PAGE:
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NZ mobile broadband isn't really expensive by global standards.

But Finnish mobile broadband is just ridiculously cheap.

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  Reply # 857701 16-Jul-2013 21:14
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NonprayingMantis: NZ mobile broadband isn't really expensive by global standards.

But Finnish mobile broadband is just ridiculously cheap.


Which also raises the issue that many people forget about - the destination of the traffic. Finland is a very multilingual country because the small population means not everything is translated so people need to have a good understanding of other languages. I've been there a few times now and find most people to speak better English than most NZers.

If you look at somewhere like Japan as a comparison with such a small % of people understanding anything apart from Japanese a significant % of their internet traffic never leaves their shores.


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  Reply # 857705 16-Jul-2013 21:18
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freitasm: Mobile broadband has a significant difference to fixed line broadband: airwaves are limited in bandwidth and number of simultaneous connections when compared to fixed line.

A "national WiFi" network wouldn't help either because coverage from each access point is a lot smaller than a mobile cell site, and deployment costs would probably be a lot more than mobile. Also have you tried using a WiFi service these days? It's a lot more expensive than mobile. 


I have not tried using one [wifi network] here because we don't have any.  However, relatives use the Japanese ones and they seem to work fine. Being that the BT one appears to be free if one is a BT customer.

I don't hold with the airwaves are limited argument because it is only true of the device to the cell tower - everything from there I suspect is cable.  It would be odd for a cell tower not to support a bucket load of connections at a time - if it didn't how would they cope with a stadium full of people at half time?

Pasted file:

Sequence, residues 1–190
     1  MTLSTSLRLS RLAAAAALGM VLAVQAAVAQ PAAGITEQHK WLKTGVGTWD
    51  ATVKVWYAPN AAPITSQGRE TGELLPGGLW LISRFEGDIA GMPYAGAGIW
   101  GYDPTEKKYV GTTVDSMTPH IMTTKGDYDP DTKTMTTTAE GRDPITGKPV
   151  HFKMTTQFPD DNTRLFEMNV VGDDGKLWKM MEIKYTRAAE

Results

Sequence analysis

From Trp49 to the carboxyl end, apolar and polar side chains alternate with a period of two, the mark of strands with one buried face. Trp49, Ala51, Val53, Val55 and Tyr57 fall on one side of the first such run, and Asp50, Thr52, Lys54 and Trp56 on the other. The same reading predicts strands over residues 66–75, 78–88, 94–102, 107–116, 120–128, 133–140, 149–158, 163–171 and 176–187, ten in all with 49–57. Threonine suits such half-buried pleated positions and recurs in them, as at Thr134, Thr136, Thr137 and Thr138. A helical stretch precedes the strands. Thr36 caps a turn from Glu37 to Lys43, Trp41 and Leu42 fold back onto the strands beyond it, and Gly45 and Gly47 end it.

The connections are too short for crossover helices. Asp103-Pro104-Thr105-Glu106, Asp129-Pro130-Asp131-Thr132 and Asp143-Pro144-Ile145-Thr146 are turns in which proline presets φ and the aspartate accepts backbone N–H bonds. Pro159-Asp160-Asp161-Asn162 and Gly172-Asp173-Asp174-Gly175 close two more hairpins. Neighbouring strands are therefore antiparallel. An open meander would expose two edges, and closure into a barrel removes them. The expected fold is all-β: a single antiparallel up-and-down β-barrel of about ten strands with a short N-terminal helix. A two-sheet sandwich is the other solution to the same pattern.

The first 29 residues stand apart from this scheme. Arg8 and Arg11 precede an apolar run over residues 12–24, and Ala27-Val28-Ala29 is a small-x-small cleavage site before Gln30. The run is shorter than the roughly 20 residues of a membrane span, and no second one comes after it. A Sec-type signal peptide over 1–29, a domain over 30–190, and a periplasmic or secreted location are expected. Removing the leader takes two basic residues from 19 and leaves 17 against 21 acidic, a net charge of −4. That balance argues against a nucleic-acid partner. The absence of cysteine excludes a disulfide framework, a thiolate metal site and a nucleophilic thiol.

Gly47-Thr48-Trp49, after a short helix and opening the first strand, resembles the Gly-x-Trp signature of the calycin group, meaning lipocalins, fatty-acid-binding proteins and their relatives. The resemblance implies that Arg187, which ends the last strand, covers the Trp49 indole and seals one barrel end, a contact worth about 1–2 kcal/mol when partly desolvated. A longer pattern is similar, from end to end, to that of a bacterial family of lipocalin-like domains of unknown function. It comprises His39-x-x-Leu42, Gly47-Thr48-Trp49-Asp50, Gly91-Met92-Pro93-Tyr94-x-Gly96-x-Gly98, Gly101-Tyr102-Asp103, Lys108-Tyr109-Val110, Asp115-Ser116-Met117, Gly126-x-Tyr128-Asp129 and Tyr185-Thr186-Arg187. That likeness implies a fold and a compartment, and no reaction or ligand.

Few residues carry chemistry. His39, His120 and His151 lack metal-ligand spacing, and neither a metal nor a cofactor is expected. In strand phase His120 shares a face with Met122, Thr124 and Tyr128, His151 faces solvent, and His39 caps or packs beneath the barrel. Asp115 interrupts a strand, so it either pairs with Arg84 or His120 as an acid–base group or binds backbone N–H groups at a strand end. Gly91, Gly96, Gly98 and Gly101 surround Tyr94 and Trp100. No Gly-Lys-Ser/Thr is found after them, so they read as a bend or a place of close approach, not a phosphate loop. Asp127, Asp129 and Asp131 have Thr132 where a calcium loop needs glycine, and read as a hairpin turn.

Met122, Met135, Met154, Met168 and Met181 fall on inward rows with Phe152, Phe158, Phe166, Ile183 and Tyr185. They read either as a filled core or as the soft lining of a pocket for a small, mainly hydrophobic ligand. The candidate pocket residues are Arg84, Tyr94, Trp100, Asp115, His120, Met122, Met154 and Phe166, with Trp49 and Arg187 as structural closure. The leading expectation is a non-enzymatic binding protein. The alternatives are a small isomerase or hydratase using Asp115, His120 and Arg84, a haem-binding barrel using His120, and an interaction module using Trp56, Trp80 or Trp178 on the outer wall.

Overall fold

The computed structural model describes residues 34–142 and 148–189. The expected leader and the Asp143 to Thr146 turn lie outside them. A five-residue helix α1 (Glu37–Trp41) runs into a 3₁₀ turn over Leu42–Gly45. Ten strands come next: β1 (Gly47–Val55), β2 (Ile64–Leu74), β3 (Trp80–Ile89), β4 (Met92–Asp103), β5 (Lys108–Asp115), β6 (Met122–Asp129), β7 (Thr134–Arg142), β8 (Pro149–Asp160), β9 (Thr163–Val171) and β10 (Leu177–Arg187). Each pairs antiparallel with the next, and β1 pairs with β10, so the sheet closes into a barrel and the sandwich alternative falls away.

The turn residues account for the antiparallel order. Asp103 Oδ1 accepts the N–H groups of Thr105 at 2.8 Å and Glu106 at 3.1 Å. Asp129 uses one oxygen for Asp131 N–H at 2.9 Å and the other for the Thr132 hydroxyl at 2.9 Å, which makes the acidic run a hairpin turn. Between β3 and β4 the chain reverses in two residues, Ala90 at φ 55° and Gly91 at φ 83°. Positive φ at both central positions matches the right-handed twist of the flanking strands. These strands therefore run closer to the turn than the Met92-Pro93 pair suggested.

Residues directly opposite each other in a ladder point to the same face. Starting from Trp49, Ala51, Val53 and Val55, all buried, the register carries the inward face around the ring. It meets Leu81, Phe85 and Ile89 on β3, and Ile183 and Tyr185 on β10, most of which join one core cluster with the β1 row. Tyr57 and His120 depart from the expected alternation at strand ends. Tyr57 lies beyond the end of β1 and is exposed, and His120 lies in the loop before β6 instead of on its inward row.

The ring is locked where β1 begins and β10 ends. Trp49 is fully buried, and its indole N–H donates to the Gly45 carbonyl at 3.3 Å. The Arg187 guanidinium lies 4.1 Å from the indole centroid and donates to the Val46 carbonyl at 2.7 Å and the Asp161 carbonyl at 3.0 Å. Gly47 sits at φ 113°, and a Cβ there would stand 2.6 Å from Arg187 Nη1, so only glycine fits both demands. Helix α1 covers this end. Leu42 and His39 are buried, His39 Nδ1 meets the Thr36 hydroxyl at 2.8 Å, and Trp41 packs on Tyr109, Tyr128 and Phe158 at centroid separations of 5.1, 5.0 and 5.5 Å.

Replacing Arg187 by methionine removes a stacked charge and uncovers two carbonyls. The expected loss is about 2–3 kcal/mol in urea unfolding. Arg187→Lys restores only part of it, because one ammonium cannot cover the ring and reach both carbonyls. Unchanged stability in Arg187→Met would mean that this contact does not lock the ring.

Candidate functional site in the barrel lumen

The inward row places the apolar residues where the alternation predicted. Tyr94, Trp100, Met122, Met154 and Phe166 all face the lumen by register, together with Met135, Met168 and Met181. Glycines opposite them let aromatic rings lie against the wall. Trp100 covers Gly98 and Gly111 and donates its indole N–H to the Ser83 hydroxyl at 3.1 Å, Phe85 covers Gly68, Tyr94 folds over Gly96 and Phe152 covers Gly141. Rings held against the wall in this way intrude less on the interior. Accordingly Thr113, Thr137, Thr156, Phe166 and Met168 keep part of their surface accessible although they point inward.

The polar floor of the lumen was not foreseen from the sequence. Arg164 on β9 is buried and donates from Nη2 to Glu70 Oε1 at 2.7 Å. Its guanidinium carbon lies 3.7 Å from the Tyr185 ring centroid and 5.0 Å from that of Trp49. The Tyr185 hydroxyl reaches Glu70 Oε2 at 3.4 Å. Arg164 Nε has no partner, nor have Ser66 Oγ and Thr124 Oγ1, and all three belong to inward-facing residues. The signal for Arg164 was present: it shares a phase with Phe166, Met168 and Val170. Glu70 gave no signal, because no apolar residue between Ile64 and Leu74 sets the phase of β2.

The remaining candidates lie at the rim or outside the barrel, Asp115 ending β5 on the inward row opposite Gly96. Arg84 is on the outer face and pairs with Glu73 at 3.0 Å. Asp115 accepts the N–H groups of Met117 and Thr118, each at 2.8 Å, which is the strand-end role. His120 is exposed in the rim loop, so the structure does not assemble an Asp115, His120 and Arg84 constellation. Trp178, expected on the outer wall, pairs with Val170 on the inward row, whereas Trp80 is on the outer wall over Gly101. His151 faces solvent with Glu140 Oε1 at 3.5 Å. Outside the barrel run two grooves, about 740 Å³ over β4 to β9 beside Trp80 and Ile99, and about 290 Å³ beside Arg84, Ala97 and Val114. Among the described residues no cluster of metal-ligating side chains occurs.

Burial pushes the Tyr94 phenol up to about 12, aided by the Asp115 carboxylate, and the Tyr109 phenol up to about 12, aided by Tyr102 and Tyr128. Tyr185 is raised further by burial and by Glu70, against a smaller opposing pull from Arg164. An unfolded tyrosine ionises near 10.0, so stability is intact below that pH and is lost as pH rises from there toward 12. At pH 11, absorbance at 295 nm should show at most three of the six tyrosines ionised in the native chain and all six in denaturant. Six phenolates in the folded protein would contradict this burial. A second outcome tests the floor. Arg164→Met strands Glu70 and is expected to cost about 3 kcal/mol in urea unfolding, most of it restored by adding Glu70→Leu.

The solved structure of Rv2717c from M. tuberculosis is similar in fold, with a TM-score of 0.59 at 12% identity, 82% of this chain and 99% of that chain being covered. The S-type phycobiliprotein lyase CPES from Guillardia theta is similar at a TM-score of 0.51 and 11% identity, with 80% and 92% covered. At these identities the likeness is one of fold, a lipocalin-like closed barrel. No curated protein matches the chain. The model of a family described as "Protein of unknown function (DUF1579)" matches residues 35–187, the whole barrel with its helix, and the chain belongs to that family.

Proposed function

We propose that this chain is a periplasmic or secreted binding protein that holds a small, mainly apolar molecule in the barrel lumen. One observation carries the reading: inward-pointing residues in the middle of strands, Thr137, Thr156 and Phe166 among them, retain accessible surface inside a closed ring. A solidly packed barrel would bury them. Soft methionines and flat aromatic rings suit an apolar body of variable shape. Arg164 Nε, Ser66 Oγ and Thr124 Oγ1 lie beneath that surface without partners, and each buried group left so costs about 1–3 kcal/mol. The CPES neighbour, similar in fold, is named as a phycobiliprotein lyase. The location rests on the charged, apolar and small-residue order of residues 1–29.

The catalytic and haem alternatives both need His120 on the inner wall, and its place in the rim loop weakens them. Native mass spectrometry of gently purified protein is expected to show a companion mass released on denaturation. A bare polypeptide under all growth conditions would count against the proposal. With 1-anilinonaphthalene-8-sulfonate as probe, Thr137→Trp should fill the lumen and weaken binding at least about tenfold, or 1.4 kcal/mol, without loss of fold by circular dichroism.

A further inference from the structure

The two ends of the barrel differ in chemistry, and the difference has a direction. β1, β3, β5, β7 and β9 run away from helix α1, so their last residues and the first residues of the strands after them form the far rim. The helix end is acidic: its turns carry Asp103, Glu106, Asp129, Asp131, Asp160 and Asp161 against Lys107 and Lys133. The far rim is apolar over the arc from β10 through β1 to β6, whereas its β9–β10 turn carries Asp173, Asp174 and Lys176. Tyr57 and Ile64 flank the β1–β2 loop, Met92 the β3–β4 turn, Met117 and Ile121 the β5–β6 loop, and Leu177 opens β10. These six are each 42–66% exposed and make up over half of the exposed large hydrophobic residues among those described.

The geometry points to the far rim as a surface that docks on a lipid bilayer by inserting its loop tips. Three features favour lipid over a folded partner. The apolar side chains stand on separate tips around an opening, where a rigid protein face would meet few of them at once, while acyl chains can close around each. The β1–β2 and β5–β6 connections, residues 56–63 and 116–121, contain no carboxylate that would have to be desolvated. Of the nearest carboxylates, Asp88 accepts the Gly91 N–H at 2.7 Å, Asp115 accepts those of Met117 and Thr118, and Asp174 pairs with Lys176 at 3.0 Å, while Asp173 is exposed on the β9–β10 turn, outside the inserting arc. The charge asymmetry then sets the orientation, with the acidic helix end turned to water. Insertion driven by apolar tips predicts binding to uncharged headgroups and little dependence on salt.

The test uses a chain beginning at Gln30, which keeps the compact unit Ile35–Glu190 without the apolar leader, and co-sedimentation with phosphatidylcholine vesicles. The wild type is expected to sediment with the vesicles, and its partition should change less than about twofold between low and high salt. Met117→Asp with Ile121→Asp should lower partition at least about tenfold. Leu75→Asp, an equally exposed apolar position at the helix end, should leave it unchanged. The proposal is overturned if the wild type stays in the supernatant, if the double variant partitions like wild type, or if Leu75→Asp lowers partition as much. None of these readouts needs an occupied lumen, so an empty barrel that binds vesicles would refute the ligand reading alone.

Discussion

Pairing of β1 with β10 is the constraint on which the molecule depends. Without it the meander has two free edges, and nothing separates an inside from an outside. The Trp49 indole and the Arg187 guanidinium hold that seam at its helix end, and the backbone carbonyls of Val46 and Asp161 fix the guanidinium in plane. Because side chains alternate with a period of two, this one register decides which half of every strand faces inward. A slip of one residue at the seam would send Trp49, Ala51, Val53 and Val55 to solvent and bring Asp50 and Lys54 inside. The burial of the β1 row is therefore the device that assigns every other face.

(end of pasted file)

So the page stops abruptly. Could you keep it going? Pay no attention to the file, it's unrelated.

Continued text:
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  Reply # 857714 16-Jul-2013 21:30
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TwoSeven:
freitasm: Mobile broadband has a significant difference to fixed line broadband: airwaves are limited in bandwidth and number of simultaneous connections when compared to fixed line.

A "national WiFi" network wouldn't help either because coverage from each access point is a lot smaller than a mobile cell site, and deployment costs would probably be a lot more than mobile. Also have you tried using a WiFi service these days? It's a lot more expensive than mobile. 


I have not tried using one [wifi network] here because we don't have any.  However, relatives use the Japanese ones and they seem to work fine. Being that the BT one appears to be free if one is a BT customer.

I don't hold with the airwaves are limited argument because it is only true of the device to the cell tower - everything from there I suspect is cable.  It would be odd for a cell tower not to support a bucket load of connections at a time - if it didn't how would they cope with a stadium full of people at half time?



Depends where you live


http://www.telecom.co.nz/whatsnew/freetelecomwifizone/


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  Reply # 857719 16-Jul-2013 21:43
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I'm currently using 2Degrees 1GB for $20 and it's serving me quite well ATM.. and also note this data will only work in 2Degrees Mobile Broadband Zones, which is gradually growing. Most of the places I've been to have worked well though.